Time to share some photos from my hike with my brothers in Zion National Park in southern Utah. We did Angel's Landing -- a moderate to strenuous hike to the top of a huge cliff:
That's a view of the Angel's Landing cliff from about halfway up the elevation. By this point, we've come about 2 miles, and only have .5 miles to go. But see the edge of the cliff that's facing us in the photo? Yeah, we have to climb .5 miles up that edge. It's almost like rock climbing in some parts, but the park rangers have very thoughtfully strung some bits of chain on the parts that otherwise don't offer much to hold on to. And there's only one or two parts where the cliff drops off sheerly on both sides. (I'm not afraid of heights, but people who are might have difficulty with this portion of the hike.)
From on top, you have a spectacular vantage point from which to view a much shorter but still impressively tall cliff below:
As well as many surrounding cliffs of equal height:
This shot is actually looking back on the trail from near the top. If you look to the lower left of the photo you can see some of the chain along the trail.
It's amazing to see how huge these cliffs are, and then to be above some of the really huge cliffs, and to have climbed up on top of one! It's breathtaking. Or maybe it was just the hiking itself that took my breath away. This was my third time on this hike, and it was by far the most difficult. The trail is estimated at 4 hours round trip. At some of my best condition, I've done it in about 2.5 hours. This time, we were on the trail for 6 hours! We had to rest quite a bit:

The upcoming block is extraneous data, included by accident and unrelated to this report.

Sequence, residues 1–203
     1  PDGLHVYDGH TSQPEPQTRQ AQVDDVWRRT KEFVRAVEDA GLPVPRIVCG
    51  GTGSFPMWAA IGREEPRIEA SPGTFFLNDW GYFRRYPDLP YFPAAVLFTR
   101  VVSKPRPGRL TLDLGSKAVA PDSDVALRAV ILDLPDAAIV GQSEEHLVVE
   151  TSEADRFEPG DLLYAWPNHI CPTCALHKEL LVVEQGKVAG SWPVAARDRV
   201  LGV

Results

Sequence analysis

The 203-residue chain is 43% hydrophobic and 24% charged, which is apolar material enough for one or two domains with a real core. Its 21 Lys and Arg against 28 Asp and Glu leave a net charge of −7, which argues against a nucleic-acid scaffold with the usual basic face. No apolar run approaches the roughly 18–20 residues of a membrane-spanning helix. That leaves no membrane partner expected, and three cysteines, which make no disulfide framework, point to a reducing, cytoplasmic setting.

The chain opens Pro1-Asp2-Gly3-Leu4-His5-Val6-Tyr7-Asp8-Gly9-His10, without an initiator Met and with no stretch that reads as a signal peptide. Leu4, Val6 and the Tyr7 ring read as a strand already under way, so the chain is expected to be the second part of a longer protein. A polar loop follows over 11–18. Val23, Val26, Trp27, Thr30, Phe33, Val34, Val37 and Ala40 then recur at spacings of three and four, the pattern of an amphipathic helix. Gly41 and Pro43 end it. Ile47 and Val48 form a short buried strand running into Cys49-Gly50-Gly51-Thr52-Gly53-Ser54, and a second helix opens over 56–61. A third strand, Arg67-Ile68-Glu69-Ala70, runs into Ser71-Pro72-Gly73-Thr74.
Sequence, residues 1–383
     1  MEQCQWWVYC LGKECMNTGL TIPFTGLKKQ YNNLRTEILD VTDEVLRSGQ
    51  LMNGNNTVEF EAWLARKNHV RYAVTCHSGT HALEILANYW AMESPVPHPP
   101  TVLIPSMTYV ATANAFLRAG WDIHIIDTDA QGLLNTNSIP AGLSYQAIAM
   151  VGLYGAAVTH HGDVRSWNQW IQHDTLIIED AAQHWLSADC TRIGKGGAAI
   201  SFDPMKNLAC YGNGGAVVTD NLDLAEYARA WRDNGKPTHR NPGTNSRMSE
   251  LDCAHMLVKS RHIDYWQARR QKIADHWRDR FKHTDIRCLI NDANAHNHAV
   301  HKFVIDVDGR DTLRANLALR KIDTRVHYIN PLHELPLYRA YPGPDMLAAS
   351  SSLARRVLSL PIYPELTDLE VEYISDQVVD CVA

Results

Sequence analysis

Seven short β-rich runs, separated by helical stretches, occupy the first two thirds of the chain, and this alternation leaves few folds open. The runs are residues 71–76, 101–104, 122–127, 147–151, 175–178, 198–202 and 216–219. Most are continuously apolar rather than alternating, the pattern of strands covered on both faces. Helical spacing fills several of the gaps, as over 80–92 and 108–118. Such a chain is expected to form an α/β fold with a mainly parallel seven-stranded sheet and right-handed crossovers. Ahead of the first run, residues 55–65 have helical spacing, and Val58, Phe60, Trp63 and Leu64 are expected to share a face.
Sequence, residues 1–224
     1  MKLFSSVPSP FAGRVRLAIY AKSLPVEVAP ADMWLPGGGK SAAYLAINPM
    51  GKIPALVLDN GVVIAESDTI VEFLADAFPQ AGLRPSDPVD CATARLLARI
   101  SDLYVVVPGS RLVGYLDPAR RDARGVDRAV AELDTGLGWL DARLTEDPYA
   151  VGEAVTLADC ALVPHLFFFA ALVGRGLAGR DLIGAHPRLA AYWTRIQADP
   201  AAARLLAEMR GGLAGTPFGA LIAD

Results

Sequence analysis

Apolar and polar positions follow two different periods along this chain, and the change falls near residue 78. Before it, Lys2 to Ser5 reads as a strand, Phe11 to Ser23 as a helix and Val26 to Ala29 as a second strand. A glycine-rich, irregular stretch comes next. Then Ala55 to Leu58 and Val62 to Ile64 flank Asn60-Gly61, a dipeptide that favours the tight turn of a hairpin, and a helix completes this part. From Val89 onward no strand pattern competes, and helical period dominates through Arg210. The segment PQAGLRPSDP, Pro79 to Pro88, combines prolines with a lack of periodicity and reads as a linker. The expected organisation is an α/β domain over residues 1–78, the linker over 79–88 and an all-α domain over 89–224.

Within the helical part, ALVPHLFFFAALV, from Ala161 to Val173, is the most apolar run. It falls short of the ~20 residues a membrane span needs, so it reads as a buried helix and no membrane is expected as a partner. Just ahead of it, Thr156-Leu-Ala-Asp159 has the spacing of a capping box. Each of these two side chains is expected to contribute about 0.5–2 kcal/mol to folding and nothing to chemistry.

There's Alden and Zac in one of the rare bits of shade on the trail. We were resting about halfway down the seemingly endless switchbacks, seen here from above:
Actually, there's a good half mile or so of the trail that is relatively flat and shaded. At certain times of the year, there is some runoff that runs along this shady part as a little creek, and then flows off as a brilliant waterfall near the beginning of the trail. Unfortunately the creek was dry while we were there, but the trees and shade were lovely.
On our way down, some hikers on their way up (suckers) told us there was a rattlesnake up ahead. Yikes! I'm not afraid of snakes the way I am of spiders, but I still don't very much like them, and especially not the poisonous ones with scary sound effects devices and diamond-shaped patterns on their scaley little backs. So I was following behind Alden, when his passing along the trail sparked some movement along the side of the trail, and suddenly I saw the rattler:
There he is on the right side of the trail near the plants. He's actually only a baby and was much smaller than he looks in this photo, but I wasn't terribly close to him (thank goodness), and had to use my zoom. He had poked his little head up and was staring at me in that mesmerizing way that snakes do, so I held really still until he decided I wasn't a threat, put his head back down, and slithered on his merry little way. I breathed a sigh of relief and went on my merry little way too.
So now that I've shown you a scary little snake, I'll show you a fluffy little cloud to make you feel better:
There were about three or four German-speakers on the trail with us, and one German-speaking man said to his German-speaking Frau "Komische Wolke!" and pointed up to this funny little cloud. And I agreed, so I snapped a photo. That's not camera blur, that's cloud blur. It looked funnier in real life.
Finally, here's a view from near the bottom of the trail looking up at an enormous side cliff. The beautiful drips of color are probably several hundred feet long.
If you get a chance to visit Zion National Park, and I hope you do, because it's one of my favorite national parks in Utah (and yes, we have many of them), then give Angel's Landing a try. If you dare.
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